Deer B Gone

The deer and rabbits are playing havoc with my perennials and fruit trees.  They’ve chewed the branch tips off of my apple tree, decimated my azaleas, and are generally ticking me off.  And since I’m limited by both geography and the calendar on the, um, methods I can employ to combat these fuzzy marauders, I have to resort to less-than-lethal deterrents.

So off to the big-box hardware store I go, only to discover that commercial repellents cost about $27 per gallon!  Wow, there must be some potent ingredients to justify that price.  I must learn more.  What are the active ingredients; let’s see. Hmmm, the first one is putrescent egg solids.  Wait, I’m paying $27/gallon for rotten eggs?!?  Maybe there’s something else.  What’s number two?  Garlic.  Seriously???

Those two ingredients make up more than 96% of the active ingredients in this product.  These rest is just water and other substrates to increase “stickiness”. Well, if that’s the case, I can make this at home, and a heck of a lot cheaper than $27/gallon.

Here’s what I put together:

Homemade Product:
Eggs 1 dozen $2.39
Garlic Bulbs (whole bulbs, not cloves) 10 bulbs $3.99
Chili Peppers 7 peppers, stem removed $1.40
Milk 3/4 cup $0.20
Vegetable Oil 3/4 cup $0.36
Liquid Dish Soap 2 tbsp $0.04
Water fill to get 3 gallons total mix volume $0.00
TOTAL: $8.38
Commercial Product:

$27.00 per gallon

The eggs, garlic, and peppers are the primary active ingredients, although I suspect the milk might also add a bit to the smell. The other ingredients simply act as substrates and binders.

To Make:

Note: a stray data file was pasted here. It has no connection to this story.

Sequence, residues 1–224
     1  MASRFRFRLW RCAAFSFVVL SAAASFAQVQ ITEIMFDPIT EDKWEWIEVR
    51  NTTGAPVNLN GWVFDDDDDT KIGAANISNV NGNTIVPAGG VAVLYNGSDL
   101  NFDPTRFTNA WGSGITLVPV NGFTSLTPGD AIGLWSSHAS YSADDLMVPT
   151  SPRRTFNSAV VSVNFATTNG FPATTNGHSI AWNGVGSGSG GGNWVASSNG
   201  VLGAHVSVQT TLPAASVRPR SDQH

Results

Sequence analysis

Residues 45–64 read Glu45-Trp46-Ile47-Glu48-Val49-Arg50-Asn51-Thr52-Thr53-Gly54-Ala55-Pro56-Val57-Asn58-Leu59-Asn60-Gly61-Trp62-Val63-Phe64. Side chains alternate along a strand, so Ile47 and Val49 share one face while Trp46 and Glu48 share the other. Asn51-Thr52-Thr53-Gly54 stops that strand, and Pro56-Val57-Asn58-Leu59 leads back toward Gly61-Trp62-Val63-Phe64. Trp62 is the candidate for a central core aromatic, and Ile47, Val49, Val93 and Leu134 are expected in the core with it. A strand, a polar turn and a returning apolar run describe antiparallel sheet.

• Blend each ingredient with a bit of water to make the blending easier and place in a five-gallon bucket.
  • Add water to make the total volume in the bucket around 3 gallons. Perfect measurements aren’t necessary here; we’re not baking a cake. But keeping the level well below the rim will make the next step less messy.
  • Although you can use a stick or paint stirrer to mix the final product, I put a paint mixer on an electric drill. This make it quick and easy.
    WARNING: There’s a reason the smell of this stuff deters animals. Leave your bucket outside from this point on.
  • Let the mixture sit for a couple of days while the eggs turn into stink juice.
  • Once you’ve got a good level of stink, strain the mixture into another bucket using a vegetable oil filter, and old t-shirt, or whatever you have lying around that will get the solids out. You’re looking for a consistency that won’t clog a sprayer.
  • Throw the dregs into your compost bin, and you’re ready to roll. Load up a pump sprayer, a spray bottle and go to work. Of course you can just drip the mix on and around your plants, but a sprayer of some sort makes the process more convenient and ensures good coverage.

Yes, there will be a bit of a smell when you first apply it, but this will quickly dissipate. To the sensitive noses of the furry pests, it will continue to longer for a few weeks before you need to re-apply. Note, a light rain won’t wash away much of the effectiveness, but heavy rain may. So best to re-apply if you get a significant amount of rainfall.

Will it work? I think so, but time will tell. I’ll post a follow-up to this post once we see what kind of results I get. And if not, well, there’s always deer season I guess.